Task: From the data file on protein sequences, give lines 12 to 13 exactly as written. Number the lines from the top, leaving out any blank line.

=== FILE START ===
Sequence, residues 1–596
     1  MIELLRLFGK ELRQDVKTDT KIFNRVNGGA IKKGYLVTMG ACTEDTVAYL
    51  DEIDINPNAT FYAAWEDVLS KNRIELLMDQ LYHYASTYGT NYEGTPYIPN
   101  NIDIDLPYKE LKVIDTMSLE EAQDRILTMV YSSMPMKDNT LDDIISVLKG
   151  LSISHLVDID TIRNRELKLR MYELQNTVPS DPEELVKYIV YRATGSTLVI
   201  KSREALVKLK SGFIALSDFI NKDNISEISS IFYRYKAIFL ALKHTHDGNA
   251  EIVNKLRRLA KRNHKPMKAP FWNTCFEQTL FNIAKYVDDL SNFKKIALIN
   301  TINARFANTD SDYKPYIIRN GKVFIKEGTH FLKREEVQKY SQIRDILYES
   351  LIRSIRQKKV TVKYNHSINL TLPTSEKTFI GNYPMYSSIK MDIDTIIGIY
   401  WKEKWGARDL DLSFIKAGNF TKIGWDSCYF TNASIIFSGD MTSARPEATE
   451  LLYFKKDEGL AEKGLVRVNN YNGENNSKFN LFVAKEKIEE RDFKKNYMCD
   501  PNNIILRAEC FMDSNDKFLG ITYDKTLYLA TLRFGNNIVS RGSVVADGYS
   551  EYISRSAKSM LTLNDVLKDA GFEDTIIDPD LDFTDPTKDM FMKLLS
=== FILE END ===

   501  PNNIILRAEC FMDSNDKFLG ITYDKTLYLA TLRFGNNIVS RGSVVADGYS
   551  EYISRSAKSM LTLNDVLKDA GFEDTIIDPD LDFTDPTKDM FMKLLS